Astrophysicist and inventor John Donovan Strong was born in Lawrence, Kansas in 1905, received his B.A from the University of Kansas in 1926, his M.S. from the University of Michigan in 1928, and his Ph.D. from the same school in 1930.
For the next 12 years, Strong taught and did research at California Institute of Technology. During this time he developed a method for evaporating aluminum directly onto optical mirrors, a significant advance in the analysis of ultra-violet light in space.
In 1942, Strong began work as a fellow at Harvard University where he pioneered in the development and construction of telescoping devices used in infrared spectroscopy. After the war Strong became director of the Astrophysical and Physical Meteorology Laboratories at Johns Hopkins University. One of the many projects he undertook while at Hopkins involved balloon astronomy for the Office of Naval Research (ONR). This work culminated in Strong’s discovery of water vapor in Venus’ atmosphere.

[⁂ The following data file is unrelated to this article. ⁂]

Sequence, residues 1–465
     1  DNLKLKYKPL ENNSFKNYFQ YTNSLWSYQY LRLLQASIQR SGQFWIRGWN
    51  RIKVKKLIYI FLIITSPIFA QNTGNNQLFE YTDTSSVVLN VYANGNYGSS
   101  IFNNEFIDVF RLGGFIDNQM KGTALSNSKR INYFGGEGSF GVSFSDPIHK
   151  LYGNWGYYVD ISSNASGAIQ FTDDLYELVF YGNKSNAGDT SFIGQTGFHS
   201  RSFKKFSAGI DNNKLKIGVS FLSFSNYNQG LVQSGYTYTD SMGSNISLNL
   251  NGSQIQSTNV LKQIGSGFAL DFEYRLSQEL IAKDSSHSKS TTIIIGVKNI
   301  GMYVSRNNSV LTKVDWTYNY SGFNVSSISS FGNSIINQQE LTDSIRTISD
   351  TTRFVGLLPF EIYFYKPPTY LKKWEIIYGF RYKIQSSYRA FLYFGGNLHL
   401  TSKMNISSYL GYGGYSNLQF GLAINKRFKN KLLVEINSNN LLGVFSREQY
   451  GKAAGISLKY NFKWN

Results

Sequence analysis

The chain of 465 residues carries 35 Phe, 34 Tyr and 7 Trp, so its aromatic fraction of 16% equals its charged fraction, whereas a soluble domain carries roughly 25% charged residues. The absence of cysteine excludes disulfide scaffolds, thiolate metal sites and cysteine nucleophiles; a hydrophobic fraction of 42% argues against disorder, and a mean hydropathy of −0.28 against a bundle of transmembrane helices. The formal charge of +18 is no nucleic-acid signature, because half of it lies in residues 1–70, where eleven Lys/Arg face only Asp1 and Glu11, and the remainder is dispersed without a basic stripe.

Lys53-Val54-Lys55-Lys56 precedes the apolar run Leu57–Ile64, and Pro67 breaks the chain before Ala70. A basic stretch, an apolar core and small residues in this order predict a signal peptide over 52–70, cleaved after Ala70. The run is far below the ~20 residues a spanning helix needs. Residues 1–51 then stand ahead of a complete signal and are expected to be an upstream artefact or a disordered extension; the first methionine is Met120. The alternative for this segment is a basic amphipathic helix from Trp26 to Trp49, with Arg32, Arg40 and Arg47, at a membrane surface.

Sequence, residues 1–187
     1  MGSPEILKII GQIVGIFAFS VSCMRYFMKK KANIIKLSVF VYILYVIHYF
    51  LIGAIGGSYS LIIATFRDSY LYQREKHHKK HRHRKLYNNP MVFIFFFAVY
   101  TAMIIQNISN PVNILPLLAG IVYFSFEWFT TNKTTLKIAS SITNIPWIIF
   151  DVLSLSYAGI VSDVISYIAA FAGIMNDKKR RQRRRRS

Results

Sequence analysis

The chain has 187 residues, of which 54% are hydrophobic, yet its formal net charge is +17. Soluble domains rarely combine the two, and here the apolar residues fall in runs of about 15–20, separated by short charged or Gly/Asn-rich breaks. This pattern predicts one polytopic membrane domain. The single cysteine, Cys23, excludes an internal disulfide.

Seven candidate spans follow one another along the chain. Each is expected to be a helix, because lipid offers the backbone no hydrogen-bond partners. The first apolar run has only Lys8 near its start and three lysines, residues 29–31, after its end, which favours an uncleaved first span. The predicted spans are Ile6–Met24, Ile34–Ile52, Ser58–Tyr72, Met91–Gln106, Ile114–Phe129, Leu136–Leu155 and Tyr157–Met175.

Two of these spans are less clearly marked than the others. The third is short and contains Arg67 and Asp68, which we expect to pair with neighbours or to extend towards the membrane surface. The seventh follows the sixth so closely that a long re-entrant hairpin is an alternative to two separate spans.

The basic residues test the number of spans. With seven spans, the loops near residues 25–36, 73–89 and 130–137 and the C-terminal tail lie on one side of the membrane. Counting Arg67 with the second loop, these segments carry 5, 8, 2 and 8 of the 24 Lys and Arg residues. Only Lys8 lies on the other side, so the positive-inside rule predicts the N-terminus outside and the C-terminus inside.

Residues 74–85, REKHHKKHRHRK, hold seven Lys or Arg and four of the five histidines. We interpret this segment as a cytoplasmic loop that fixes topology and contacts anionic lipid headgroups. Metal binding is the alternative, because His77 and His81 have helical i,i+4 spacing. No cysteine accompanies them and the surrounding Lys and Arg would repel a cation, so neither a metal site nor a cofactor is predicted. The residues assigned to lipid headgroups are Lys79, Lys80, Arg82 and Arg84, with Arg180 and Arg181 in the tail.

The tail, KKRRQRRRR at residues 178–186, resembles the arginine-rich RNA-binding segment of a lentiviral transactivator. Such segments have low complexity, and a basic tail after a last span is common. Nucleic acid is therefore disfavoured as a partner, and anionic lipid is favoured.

Strong joined the University of Massachusetts, Amherst as a professor of physics and astronomy in 1967 and served as the head of the laboratory of astrophysics and physical meteorology. He retired in 1981.
Strong published hundreds of papers throughout his career, though he is best known for his standard textbook, Procedures of Experimental Physics, which was central to physics education for many years. He patented numerous inventions for optics in spectroscopy as well as golf (see US Patent no. 3720467).
He earned the Longstreth and Levy Medals from the Franklin Institute and OSA’s Frederic Ives Medal. He was a fellow of the American Academy of Sciences and held several honorary doctorates. He was both a Fellow and Honorary Member of OSA.
John D. Strong died 28 March 1992.